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Java NIO - Question About Buffer Design

05.20.2010
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I am currently writing a tutorial on Java NIO, and I have just updated the text on Buffers. About the design of Buffers, I have question to the Java community, but let me first describe the Buffer mechanism it is about:

When you create a new Buffer, e.g. a ByteBuffer, it is in write mode. The Buffer has a limit saying how many bytes you can write into it, and a position of the next byte to write into.

When you are done writing data into a Buffer, you call flip(). The Buffer is now in read mode.

The limit property now tells how many bytes you can read from the Buffer (how many bytes were written), and the position now tells the next byte to read.

When you are done reading, you call clear() or compact(), which switches the Buffer back into write mode.

Why did the NIO designers choose to have this distinction between "write" and "read" mode, and thus
the meaning of "limit" and "position" ?

As I see it, it causes two problems:

1) A Buffer is always in either "read" or "write" mode. I cannot be in both modes at the same time.

2)  When you receive af Buffer as a parameter, how do you know if it's in read or write mode?

 In my opinion a much smarter design would have been to simply have a read position and a write position
instead of "position" and "limit". This way you could always both read and write from the Buffer.

Read, if the read position is less than write position.
Write, if write position is less than capacity of Buffer.

Does anyone have any deep insights into the NIO Buffer design?

- Jakob Jenkov

Published at DZone with permission of its author, Jakob Jenkov.

(Note: Opinions expressed in this article and its replies are the opinions of their respective authors and not those of DZone, Inc.)

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Matteo Battaglio replied on Thu, 2010/05/20 - 8:29am

I've been intensively using NIO buffers for more than a year now, and I can assure you that there isn't any read or write mode: you can always read or write from/to a Buffer; both read and write operations involve bytes between Buffer.position() and Buffer.limit().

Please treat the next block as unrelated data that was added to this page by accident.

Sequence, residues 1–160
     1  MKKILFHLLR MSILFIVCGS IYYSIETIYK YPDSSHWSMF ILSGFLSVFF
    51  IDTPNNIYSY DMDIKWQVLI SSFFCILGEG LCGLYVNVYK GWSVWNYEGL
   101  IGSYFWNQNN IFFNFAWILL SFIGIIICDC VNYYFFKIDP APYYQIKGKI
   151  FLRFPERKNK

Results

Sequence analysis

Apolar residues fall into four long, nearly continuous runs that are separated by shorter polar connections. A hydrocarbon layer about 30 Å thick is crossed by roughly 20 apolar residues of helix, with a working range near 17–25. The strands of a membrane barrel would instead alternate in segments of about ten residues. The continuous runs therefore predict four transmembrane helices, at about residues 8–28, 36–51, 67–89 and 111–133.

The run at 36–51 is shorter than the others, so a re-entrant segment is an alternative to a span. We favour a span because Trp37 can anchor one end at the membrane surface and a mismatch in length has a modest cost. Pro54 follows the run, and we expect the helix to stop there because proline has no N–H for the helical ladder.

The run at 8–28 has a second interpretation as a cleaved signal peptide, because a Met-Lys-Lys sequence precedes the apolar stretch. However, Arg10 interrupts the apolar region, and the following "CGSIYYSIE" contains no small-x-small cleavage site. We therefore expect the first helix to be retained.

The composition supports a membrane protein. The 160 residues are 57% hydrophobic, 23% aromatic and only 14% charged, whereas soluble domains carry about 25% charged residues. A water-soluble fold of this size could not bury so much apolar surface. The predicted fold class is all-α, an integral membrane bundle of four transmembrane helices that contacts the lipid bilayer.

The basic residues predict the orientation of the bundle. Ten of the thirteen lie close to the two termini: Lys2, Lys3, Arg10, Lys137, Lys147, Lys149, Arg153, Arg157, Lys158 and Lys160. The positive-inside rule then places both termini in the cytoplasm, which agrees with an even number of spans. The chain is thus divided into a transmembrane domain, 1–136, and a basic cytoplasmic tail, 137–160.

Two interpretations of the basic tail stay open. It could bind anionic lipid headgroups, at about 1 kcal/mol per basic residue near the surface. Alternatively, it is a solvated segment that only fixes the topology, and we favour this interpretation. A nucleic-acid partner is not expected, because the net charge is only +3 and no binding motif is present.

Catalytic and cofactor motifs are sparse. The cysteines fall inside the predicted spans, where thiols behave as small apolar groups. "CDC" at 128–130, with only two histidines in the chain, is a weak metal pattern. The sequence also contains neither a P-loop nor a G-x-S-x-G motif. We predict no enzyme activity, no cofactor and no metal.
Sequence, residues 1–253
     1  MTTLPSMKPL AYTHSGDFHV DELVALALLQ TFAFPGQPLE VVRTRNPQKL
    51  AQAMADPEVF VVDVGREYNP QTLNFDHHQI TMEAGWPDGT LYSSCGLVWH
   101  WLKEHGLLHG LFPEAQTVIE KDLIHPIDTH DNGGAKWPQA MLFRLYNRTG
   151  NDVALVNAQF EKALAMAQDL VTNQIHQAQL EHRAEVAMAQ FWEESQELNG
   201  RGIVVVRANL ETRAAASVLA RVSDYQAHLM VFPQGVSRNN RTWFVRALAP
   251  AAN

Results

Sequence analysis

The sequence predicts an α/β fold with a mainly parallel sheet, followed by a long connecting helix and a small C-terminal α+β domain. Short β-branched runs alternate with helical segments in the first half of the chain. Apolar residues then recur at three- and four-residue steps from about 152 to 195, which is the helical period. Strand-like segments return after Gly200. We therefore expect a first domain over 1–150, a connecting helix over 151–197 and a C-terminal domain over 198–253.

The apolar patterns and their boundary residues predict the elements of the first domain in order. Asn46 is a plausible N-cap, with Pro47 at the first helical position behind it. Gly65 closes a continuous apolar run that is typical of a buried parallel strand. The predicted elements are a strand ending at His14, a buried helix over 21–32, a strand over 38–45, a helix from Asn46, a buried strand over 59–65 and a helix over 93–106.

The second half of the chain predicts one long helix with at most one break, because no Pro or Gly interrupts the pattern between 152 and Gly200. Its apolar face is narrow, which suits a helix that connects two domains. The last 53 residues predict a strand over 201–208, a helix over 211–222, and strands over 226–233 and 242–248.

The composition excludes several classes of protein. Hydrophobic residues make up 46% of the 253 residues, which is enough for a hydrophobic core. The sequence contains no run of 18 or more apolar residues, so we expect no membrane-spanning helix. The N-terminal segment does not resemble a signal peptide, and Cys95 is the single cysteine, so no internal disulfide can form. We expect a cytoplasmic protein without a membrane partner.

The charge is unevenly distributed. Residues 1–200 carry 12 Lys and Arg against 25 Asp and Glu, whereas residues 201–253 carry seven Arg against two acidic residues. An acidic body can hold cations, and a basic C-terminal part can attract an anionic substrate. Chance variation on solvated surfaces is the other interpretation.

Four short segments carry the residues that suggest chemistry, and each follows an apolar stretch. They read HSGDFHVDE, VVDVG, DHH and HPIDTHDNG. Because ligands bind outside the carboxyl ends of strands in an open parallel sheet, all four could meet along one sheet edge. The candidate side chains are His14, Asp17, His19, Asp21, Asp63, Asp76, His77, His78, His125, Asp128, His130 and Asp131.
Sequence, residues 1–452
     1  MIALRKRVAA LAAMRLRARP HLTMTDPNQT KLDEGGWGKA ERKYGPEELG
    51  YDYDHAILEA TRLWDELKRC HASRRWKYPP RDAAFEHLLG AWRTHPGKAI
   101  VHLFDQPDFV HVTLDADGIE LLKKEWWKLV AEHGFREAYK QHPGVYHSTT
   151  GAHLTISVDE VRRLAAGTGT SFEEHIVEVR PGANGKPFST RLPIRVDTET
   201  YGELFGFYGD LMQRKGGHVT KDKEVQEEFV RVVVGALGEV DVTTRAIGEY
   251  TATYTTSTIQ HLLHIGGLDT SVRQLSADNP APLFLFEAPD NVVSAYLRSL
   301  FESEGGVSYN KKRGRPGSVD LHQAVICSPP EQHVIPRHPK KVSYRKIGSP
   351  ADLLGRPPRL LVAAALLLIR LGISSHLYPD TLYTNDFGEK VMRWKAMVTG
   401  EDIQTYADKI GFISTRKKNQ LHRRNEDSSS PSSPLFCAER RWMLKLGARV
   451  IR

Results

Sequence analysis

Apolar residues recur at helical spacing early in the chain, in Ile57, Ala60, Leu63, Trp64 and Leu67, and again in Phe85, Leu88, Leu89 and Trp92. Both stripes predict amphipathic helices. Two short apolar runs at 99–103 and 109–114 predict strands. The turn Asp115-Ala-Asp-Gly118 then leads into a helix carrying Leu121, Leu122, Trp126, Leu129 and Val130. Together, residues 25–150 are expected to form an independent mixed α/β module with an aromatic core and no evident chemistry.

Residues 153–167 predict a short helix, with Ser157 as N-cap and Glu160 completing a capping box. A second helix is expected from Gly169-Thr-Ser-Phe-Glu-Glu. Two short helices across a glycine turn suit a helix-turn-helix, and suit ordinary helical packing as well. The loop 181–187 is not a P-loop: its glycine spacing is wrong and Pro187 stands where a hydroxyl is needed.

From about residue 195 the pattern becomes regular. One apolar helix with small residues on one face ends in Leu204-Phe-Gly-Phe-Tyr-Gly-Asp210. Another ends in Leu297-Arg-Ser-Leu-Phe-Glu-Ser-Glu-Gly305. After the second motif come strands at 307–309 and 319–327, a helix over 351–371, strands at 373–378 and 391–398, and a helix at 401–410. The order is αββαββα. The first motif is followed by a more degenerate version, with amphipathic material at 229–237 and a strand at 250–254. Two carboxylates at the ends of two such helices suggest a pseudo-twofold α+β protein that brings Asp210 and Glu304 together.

Melv Ng replied on Thu, 2010/05/20 - 4:04pm

As you are saying yourself, there is no real read/write modes, only "read" and "write". There is only the concept of "read" and "write" modes, which comes down to how the buffer is used in some piece of code.

For using the same buffer data from multiple places, try use ByteBuffer.duplicate(). It allows you to create multiple access views on the same raw data.

 *edit*

Sorry, I didn't read your wish to have the read and write operate on the same "write position", which works as a limit for reads and pos for writes.

I don't know why the buffers are the way the are (designer tried to keep implementation simple?). My only guess is that they tried to follow how a stream works, which only tracks the current position. Oh, when I think of it, that might just be the reason. If a buffer wraps a native stream like data, like a file, you only got the current position(?)

But I can imagine your suggestion could make it easier for newcomers to use buffers.

BTW, cool tutorial :)

Jakob Jenkov replied on Thu, 2010/05/20 - 5:12pm in response to: Melv Ng

Thanks for the answer, and the comment :-)

 

You are right, there are no *explicit* read and write mode. Only how position and limit are interpreted / set in the two "modes". 

I just thought it would have been easier to have a read position and a write position, thus allowing reads and writes easily interleaved.

Jose Maria Arranz replied on Fri, 2010/05/21 - 1:43am

ByteBuffer is at the same time, a byte collection and an iterator... bad design (and it isn't thread safe).

Fortunately you have duplicate()

 

 

Jakob Jenkov replied on Fri, 2010/05/21 - 2:06am in response to: Jose Maria Arranz

> ByteBuffer is at the same time, a byte collection and an iterator... bad design

From an OO perspective I agree with you, but from a high performance IO perspective I think working as close to the source (the array / buffer of data) is desirable. 

In my eyes, "good design" depends on what you are trying to achieve with your design.

Jörg Buchberger replied on Fri, 2010/05/21 - 4:07am

Jakob,

no deep insights from myself, however I do know of someone who has ... Trustin Lee of Netty fame. The netty forums seem very welcoming: http://www.jboss.org/netty/community.html#nabble-f685700

Then probably the guys of the XNIO project ( http://www.jboss.org/xnio ) are very experienced as well.

Cheers.
Jörg

Jakob Jenkov replied on Sat, 2010/05/22 - 4:16am in response to: Jörg Buchberger

Thanks - of course... the Netty guys ought to know a lot :-)

Alex(JAlexoid) ... replied on Sun, 2010/05/23 - 6:31pm in response to: Jose Maria Arranz

and it isn't thread safe

If they had decided not to put in mutexes into it(witch would be sensible for a non-shared buffer), that would make more sense. But there should be people with more insights on this.

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